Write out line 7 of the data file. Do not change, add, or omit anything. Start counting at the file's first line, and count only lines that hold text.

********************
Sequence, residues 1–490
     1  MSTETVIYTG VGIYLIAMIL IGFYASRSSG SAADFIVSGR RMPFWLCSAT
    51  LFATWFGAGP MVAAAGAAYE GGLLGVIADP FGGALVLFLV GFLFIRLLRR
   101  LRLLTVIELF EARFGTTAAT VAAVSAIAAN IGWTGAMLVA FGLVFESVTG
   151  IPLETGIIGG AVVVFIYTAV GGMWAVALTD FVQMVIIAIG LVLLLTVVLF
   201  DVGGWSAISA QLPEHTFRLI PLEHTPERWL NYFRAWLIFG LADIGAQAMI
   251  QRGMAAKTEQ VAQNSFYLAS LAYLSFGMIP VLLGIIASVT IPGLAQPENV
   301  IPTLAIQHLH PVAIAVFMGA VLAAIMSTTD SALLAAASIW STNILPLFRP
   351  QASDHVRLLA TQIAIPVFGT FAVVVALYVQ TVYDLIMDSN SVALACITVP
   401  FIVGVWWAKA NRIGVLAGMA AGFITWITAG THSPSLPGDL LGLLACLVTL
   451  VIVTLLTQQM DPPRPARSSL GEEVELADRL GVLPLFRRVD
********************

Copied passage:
   251  QRGMAAKTEQ VAQNSFYLAS LAYLSFGMIP VLLGIIASVT IPGLAQPENV